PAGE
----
LONDON: Twenty boroughs in London have promised to rehouse hundreds of Afghan refugees who fled the Taliban but a British minister has said that more local authorities need to come forward.
More than 300 councils across the UK have signed up to take in Afghan refugees, many of whom had worked with British or American forces which left them and their families at risk of being targeted.
“Britain can hold our head up high with our response to this crisis,” UK Minister for Afghan Resettlement Victoria Atkins told British newspaper The Evening Standard.
“More than 300 local authorities have offered to take people in. That is great. But it’s not enough. We still need more,” Atkins said.
Around 30 percent of all Afghans evacuated to the UK have been placed in London hotels but finding a permanent abode is proving difficult for them.
London councils say 14 bridging hotels have been reserved in eight boroughs, for use as accommodation pending long-term housing arrangements, the newspaper reported.
Boroughs have committed to offering long-term accommodation and support for around 200 Afghan arrival families so far.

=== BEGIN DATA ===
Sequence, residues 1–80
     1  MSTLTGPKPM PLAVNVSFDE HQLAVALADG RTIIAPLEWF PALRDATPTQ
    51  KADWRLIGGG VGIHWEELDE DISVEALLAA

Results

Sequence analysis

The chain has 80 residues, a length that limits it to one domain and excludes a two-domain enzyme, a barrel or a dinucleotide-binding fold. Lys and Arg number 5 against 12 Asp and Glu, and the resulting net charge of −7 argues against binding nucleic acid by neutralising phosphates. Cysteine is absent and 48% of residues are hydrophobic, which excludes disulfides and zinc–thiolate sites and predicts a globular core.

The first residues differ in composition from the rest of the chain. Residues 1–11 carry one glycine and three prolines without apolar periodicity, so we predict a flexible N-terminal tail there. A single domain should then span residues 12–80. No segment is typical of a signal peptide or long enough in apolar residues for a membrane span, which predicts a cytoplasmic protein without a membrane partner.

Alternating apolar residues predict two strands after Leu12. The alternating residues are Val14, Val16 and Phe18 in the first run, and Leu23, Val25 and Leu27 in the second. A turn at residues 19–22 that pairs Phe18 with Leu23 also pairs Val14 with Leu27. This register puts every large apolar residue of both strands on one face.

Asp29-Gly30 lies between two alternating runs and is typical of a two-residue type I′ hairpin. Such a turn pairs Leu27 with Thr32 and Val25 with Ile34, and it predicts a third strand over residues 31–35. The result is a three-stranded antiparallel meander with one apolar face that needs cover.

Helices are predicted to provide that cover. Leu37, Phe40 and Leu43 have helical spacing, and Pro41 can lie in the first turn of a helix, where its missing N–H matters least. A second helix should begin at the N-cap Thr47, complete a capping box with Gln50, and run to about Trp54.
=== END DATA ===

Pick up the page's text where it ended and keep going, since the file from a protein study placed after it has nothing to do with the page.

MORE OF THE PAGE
Around 15,000 people were evacuated from Afghanistan by British forces when the Taliban began seizing control of the country.
However, many were unable to leave before the deadline for evacuations on Aug. 31.
“My heart breaks for those still there and those here with family members still there,” Atkins said. “The security situation is very fast moving and difficult but we are doing what we can.”.
The British government set up Operation Warm Welcome for those who risked their lives working closely with the British military and government in Afghanistan to help them get access to health, education, employment support and accommodation.
Councils who support people through the Afghan Citizens Resettlement Scheme or Afghan Relocations and Assistance Policy scheme receive £20,520 ($28,000) per person over a period of three years.
Those that resettle families will receive up to £4,500 per child for education, £850 to cover English language provision for adults and £2,600 to cover healthcare, the Home Office said.